Setting a few different reminders can help as you work on your habit formation. Reminders can be anything from a sticky note on the bathroom mirror to putting your workout clothes next to your bed at night.
Try to set a reminder that will help you with your specific goal. For example, if your habit is to drink a glass of water after putting your breakfast dishes away, a great reminder is to put a sticky note on your dishwasher.
Visual reminders may not be the most beneficial for everyone. You can also set time or location reminders on your phone or set an alarm.
Research has demonstrated that the physical fitness levels of those around us impact our effort when working out. You are more likely to push yourself hard if you have a partner that is pushing, too. Your effort during workouts isn’t the only area you can benefit from an accountability partner.
An accountability partner can improve your commitment to your goal. When we are alone, we have all the room in the world to skip that early morning workout or eat dessert for dinner. But when we’re accountable to someone else, we have a little extra motivation to be consistent, not to mention additional support when we feel like giving up.
There is a quote attributed to Voltaire, “the perfect is the enemy of the good.” Often when we are looking to build healthy habits, we get lost in the pursuit of perfection. When we don’t live up to our expectations, we give up on the pursuit altogether.
Lasting change takes time, and you will forget a workout or overindulge at a party. It can be tempting to give up when you feel like you failed in some way. Don’t get stuck on a perceived misstep, but instead, focus on what you have achieved and adjust your deadlines when needed.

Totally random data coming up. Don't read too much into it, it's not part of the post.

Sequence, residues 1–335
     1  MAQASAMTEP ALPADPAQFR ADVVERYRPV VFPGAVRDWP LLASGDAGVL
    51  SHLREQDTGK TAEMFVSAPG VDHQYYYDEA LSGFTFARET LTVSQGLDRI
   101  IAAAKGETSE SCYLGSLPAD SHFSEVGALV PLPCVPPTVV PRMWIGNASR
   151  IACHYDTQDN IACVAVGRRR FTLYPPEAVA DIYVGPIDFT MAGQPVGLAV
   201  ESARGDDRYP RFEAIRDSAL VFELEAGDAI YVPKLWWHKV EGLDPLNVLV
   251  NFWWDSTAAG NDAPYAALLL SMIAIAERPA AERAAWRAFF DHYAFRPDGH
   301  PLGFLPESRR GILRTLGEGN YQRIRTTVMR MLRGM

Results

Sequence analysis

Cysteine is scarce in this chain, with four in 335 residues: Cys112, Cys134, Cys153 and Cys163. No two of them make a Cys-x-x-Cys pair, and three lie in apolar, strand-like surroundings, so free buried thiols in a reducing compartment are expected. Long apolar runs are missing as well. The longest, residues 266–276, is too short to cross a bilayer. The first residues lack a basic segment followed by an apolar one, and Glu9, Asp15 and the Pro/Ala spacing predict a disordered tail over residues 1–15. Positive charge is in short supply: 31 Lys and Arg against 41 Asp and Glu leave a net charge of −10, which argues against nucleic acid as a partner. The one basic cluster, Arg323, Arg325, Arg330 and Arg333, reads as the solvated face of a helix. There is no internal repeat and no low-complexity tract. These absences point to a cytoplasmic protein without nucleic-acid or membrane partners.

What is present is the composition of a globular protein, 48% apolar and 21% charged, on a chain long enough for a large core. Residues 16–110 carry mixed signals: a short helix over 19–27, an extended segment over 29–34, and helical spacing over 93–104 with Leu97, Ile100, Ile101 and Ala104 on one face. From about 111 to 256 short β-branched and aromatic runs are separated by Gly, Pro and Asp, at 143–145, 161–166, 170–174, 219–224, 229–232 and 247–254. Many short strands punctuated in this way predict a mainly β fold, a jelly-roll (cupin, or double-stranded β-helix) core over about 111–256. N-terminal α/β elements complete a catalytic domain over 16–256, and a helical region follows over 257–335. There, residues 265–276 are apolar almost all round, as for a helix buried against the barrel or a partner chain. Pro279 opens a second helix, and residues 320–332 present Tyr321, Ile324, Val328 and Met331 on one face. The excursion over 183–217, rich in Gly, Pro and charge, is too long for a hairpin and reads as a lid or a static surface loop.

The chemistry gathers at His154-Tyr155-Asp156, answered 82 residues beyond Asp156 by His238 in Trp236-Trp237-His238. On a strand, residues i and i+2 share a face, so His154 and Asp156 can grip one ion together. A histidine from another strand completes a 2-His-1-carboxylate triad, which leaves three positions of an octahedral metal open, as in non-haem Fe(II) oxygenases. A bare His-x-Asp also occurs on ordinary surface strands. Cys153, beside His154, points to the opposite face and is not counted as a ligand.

One of the ways to focus on your progress is to celebrate the small wins or achievements as you work towards your greater goal. Every time we recognize the accomplishment of a goal — no matter how small — our brains release dopamine as a reward and this, in turn, spurs motivation.
The positive reinforcement of reaching goals reiterates the importance of working towards stackable, attainable healthy habits. For example, you may dream of being a marathon runner but if you haven’t run in a year, make sure you celebrate the accomplishment of ten minutes on the treadmill three days a week.
Making healthy choices doesn’t need to be a chore; it can be as habitual and easy as brushing your teeth if you make some simple changes to set yourself up for success.
It is easier to start the process by disrupting your old patterns and building on your existing habits. A reasonable timeline, reminders, and accountability will provide you with the structure and support you need to make changes. In addition, focusing on your progress and celebrating every success give you the psychological support you need to sustain your new healthy lifestyle.
New to Echelon? As we discussed, accountability plays a significant role in the success of habit formation. The Echelon community is full of people seeking to engage in healthy activities and who support each other along the way. Join our community to find your next accountability partner!